Pension and Reciprocity Department Director Bruce Burton heard of a misleading rumor making the rounds this summer that brought back memories. But this time he was in a position to do something about it.

International Secretary-Treasurer Salvatore “Sam” Chilia gives a presentation on the health of the Pension Benefit Fund during the IBEW’s 39th International Convention in September. The PBF, he reported, is much improved in health today over where it was following the Great Recession of 2008.

The tall tale dealt with the return IBEW members receive on their pension contributions, with a member of one local union spreading the claim that the average IBEW retiree received only 18 monthly benefit checks before dying.

“I’d been hearing people say stuff like this since I was an apprentice electrician in Detroit back in the ‘80s,” said Burton, whose department is responsible for the Pension Benefit Fund, more popularly known as the International Office pension. “It was clearly ridiculous. Everyone knows IBEW retirees are living long lives, including my own father.”

Burton’s dad, 89, has been retired from Detroit Local 58 for more than 24 years. “He’s in excellent health, still mows his own lawn, and has been happily collecting IBEW pension checks for two and a half decades,” Burton said. “It’s anecdotal, of course, but I thought we should take a look and see if we could determine the real number anyway.”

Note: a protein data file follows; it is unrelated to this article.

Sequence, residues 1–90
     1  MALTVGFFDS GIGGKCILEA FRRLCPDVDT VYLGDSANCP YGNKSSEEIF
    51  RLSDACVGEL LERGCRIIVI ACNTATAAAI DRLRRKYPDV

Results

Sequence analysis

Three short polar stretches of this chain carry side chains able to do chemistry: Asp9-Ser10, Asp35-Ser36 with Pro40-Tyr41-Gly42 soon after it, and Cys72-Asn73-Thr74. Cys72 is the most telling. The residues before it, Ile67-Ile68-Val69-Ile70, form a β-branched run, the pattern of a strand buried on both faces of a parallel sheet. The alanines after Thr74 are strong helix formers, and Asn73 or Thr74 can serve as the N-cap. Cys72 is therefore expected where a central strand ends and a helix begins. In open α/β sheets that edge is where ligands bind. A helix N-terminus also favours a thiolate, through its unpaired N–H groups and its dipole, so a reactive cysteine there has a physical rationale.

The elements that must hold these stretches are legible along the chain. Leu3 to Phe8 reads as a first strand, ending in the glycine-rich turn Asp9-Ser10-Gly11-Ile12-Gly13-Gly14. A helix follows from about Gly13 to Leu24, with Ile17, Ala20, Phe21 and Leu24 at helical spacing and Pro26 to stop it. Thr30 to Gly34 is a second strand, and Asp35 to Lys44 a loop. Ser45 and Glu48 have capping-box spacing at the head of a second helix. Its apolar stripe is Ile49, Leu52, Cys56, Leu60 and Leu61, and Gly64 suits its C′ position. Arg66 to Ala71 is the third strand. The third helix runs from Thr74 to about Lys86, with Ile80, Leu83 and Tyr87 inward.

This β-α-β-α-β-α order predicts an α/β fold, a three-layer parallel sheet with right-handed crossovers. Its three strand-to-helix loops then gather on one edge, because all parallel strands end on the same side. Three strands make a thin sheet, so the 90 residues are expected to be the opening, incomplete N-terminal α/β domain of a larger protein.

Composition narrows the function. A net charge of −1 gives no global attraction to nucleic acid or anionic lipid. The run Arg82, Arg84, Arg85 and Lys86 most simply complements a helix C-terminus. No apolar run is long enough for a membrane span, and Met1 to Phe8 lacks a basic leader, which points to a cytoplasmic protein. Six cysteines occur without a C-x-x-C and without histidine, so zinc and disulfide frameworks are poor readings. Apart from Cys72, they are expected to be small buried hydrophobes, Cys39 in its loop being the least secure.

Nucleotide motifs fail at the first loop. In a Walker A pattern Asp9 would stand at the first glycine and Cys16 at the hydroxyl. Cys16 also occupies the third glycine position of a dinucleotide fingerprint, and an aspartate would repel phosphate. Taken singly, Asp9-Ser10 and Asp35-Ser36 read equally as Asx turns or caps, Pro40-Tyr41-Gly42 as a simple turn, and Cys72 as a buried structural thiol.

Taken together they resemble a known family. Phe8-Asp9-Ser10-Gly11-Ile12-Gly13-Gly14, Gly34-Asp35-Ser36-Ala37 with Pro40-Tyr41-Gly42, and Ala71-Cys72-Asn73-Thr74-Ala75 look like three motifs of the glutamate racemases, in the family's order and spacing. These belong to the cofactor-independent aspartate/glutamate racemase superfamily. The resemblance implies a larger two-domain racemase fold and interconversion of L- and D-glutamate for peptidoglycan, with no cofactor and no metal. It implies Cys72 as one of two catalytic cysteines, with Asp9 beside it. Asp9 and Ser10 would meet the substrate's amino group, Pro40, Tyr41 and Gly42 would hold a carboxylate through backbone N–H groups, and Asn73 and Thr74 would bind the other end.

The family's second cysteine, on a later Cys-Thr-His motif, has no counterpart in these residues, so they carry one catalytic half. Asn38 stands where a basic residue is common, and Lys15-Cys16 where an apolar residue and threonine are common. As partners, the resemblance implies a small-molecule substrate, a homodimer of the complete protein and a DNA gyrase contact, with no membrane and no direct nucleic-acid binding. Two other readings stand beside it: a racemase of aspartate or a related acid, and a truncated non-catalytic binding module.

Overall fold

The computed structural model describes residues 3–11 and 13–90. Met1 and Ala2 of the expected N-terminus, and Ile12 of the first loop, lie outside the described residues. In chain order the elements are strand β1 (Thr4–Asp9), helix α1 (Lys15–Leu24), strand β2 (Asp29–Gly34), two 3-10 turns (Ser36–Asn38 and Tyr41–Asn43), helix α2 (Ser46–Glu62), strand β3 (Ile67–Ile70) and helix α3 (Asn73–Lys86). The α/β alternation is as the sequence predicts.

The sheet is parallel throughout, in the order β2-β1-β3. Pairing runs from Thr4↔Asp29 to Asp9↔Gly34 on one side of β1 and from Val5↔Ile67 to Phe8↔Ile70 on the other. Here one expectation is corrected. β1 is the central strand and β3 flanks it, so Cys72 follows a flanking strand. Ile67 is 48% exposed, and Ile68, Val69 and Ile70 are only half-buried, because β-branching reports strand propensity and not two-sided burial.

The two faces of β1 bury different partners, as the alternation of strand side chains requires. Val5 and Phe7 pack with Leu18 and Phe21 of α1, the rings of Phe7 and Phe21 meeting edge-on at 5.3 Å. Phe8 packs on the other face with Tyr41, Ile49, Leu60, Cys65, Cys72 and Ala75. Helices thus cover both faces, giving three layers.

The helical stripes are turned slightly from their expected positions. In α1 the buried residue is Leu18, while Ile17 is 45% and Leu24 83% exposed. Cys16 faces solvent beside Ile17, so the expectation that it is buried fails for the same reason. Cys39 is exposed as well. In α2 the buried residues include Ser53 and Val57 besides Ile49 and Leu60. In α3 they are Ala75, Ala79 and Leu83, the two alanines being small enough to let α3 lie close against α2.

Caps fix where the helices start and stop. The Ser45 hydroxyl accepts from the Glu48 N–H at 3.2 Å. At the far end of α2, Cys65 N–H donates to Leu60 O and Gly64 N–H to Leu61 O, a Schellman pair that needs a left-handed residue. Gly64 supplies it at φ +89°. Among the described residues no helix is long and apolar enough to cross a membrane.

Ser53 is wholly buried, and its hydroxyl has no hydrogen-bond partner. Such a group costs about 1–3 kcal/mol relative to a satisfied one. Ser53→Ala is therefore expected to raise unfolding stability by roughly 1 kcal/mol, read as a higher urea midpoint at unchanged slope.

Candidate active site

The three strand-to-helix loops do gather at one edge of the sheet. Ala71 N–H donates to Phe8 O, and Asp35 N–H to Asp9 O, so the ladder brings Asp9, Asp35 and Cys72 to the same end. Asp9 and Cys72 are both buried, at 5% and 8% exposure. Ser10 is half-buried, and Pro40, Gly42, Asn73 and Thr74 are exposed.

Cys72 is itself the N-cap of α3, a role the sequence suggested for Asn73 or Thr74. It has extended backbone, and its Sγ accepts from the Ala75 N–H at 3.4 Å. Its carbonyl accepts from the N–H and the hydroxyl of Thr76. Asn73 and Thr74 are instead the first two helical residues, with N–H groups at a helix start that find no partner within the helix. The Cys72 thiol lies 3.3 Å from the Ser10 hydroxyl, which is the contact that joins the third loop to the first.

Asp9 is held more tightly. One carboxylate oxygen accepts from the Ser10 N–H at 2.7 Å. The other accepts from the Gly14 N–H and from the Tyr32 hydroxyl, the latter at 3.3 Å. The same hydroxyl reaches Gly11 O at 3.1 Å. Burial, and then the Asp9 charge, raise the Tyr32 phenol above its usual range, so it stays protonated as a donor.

So Burton reached out to actuaries at the National Electrical Benefit Fund, a supplementary pension for ‘A’ members run jointly by the IBEW and the National Electrical Contractors Association, reasoning that they would have the most accurate data for IBEW retirees nationwide.

“It turns out we were right,” Burton said. “Not only was 18 a completely made-up number, it was so far from the truth that we thought it was only right we share the data with all of our members.”

In reality, the average life expectancy for NEBF participants – and likely for IBEW members in general – is 82.3 years.

Since roughly 53 percent of IBEW members choose early retirement at 62, that means the average retiree receives benefits for more than 20 years before passing away.

“That’s 244 pension checks on average, not 18,” Burton said. “It’s disappointing to see that this kind of rumor still has legs after all these years, but I hope we can put it to rest once and for all. The truth is, an IBEW pension is still one of the best investments a person can make in their retirement security, and it’s good to see the numbers to back it up.”

The PBF, which Burton runs, is the modern version of the original death benefit that Henry Miller and the IBEW’s founders established in 1891. In 2015, it made pension payments of more than $127 million and paid $18.6 million in death benefits.

The NEBF, which managed more than $12.6 billion in pension funds at the close of 2015, remains one of the healthiest defined benefit pensions in the labor community, investing in a diverse portfolio that includes real-estate projects that put active IBEW members to work all over America.

“We’re proud of the systems this union has set up to take care of our brothers and sisters in retirement,” said International President Lonnie R. Stephenson. “Making sure our members are able retire with dignity and security is one of the most important jobs we have, and the PBF and the NEBF are key parts of that.”